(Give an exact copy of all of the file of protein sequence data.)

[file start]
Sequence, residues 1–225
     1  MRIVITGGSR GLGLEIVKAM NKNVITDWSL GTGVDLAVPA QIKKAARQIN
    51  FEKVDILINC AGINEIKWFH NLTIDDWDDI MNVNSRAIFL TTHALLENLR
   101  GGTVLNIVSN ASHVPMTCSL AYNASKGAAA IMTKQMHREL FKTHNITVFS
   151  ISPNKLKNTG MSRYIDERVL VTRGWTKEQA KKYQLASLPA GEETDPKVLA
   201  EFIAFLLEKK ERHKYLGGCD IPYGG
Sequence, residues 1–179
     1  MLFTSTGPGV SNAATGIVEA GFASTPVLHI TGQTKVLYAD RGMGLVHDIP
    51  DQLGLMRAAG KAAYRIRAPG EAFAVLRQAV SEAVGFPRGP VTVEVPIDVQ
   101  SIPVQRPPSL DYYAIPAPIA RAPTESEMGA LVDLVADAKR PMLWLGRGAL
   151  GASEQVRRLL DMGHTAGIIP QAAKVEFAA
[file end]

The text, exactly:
Sequence, residues 1–225
     1  MRIVITGGSR GLGLEIVKAM NKNVITDWSL GTGVDLAVPA QIKKAARQIN
    51  FEKVDILINC AGINEIKWFH NLTIDDWDDI MNVNSRAIFL TTHALLENLR
   101  GGTVLNIVSN ASHVPMTCSL AYNASKGAAA IMTKQMHREL FKTHNITVFS
   151  ISPNKLKNTG MSRYIDERVL VTRGWTKEQA KKYQLASLPA GEETDPKVLA
   201  EFIAFLLEKK ERHKYLGGCD IPYGG
Sequence, residues 1–179
     1  MLFTSTGPGV SNAATGIVEA GFASTPVLHI TGQTKVLYAD RGMGLVHDIP
    51  DQLGLMRAAG KAAYRIRAPG EAFAVLRQAV SEAVGFPRGP VTVEVPIDVQ
   101  SIPVQRPPSL DYYAIPAPIA RAPTESEMGA LVDLVADAKR PMLWLGRGAL
   151  GASEQVRRLL DMGHTAGIIP QAAKVEFAA